The School-Based Health Alliance (SBHA) and Got Transition®, in collaboration with an advisory group of school-based health center (SBHC) clinicians, administrators, and young adults, created this SBHC Health Care Transition (HCT) Playbook. The Playbook guides SBHCs and other school staff on assisting students with their preparation for the transition from pediatric care to adult health care.
Check out our recent webinar on this toolkit here.
HCT is the process of moving from a child/family-centered to an adult/patient-centered approach to care. This change involves assisting high school students in managing their own care and helping them navigate care independently. HCT also helps them to understand the differences in privacy and consent that happen during adolescence and adulthood. Finally, HCT helps students find and stay connected to adult care once they leave their SBHC.
Here is a brief video to explain HCT 101 to students.
- “I felt unprepared to navigate my own health care.” (High school senior)
- “I want my students to gain health literacy skills and independence using health care so when they leave school, they will be more likely to find and use adult care.” (SBHC clinician)
- National data: Four out of five youth ages 12-17 have NOT received HCT preparation guidance from their health care providers.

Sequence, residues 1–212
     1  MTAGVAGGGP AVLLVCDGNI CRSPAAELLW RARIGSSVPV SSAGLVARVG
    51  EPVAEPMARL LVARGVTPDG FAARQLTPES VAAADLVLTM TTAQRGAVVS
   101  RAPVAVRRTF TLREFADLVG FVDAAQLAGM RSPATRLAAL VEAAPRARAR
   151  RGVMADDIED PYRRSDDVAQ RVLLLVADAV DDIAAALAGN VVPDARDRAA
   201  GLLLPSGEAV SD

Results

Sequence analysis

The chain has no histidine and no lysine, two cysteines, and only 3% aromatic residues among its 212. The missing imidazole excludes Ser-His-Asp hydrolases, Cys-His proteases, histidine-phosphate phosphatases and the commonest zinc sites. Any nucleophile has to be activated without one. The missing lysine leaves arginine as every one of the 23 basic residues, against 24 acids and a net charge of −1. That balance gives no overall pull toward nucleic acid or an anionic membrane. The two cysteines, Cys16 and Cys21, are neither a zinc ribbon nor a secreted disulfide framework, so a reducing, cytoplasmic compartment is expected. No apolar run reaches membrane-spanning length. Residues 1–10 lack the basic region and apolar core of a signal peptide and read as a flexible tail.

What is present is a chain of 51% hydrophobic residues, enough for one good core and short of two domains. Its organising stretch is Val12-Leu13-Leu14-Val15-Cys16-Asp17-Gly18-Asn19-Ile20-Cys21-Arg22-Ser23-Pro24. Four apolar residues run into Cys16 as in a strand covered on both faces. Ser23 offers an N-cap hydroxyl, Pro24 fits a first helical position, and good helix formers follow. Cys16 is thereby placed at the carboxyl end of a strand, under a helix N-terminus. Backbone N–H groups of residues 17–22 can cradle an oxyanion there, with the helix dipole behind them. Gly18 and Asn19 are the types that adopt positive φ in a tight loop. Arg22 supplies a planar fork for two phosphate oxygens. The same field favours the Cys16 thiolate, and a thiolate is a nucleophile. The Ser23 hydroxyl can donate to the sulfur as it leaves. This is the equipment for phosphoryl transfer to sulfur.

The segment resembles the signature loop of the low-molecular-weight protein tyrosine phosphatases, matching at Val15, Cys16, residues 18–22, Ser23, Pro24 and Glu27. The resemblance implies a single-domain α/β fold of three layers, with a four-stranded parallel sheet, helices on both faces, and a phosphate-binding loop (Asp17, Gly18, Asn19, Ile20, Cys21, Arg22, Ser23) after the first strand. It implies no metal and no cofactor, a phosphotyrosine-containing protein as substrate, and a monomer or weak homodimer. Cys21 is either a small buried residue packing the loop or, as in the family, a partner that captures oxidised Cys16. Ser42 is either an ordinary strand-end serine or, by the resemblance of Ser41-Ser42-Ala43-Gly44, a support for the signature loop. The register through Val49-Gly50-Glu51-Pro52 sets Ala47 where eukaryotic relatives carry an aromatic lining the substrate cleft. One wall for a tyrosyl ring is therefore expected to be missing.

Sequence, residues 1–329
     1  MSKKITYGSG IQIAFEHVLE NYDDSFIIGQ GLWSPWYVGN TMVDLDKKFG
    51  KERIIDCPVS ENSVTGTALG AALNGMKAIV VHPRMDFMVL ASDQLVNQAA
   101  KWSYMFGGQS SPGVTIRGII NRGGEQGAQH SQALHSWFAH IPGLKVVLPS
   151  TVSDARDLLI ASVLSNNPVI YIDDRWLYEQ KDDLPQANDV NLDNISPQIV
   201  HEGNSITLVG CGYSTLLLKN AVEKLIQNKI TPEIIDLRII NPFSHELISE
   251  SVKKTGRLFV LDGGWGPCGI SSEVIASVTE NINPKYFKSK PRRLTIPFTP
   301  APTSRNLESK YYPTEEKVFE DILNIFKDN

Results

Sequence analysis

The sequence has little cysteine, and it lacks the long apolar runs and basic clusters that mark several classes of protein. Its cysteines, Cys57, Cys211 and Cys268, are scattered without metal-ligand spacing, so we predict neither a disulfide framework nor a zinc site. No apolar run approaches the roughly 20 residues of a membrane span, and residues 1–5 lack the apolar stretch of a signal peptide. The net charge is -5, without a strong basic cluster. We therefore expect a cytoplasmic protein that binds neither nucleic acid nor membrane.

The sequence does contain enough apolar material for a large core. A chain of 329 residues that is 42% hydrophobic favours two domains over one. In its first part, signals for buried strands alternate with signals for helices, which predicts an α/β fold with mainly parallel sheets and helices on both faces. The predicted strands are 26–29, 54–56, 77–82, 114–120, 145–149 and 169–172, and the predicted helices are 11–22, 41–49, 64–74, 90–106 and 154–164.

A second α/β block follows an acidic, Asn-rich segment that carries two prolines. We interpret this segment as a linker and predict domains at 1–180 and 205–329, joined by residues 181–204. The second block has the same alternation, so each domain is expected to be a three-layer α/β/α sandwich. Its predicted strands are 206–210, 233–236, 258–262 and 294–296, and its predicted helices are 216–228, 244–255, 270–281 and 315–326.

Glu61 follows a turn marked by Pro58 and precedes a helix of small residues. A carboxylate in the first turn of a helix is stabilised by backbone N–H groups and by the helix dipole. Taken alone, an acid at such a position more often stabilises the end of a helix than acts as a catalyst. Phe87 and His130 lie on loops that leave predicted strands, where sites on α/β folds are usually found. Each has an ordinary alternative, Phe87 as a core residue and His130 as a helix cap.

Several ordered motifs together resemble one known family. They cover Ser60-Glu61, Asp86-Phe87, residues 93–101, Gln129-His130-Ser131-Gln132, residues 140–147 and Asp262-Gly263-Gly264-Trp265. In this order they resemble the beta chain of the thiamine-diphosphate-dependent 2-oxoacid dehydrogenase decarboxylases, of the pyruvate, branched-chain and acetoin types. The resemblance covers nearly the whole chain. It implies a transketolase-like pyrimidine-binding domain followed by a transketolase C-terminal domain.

- Professional recommendations: The American Academy of Pediatrics, American Academy of Family Physicians, and American College of Physicians call for HCT to be part of routine primary, chronic, and behavioral health care, starting early in adolescence and continuing into young adulthood. These organizations suggest the Six Core Elements of HCT, which are used in this Playbook and customized for SBHCs.
- Research: Systematic reviews show that with a structured HCT process, statistically significant positive improvements occur in health outcomes, self-care skills, satisfaction with care, and reductions in hospital admissions.
- SBHC expertise: SBHCs are well-positioned to offer HCT services, building on their ongoing efforts to provide student-centered care and support students’ active engagement in their own care.
- Knowledge of one’s own health and health care is part of the transition to adult care and an essential element of adolescent learning, one that has not previously received the attention it deserves.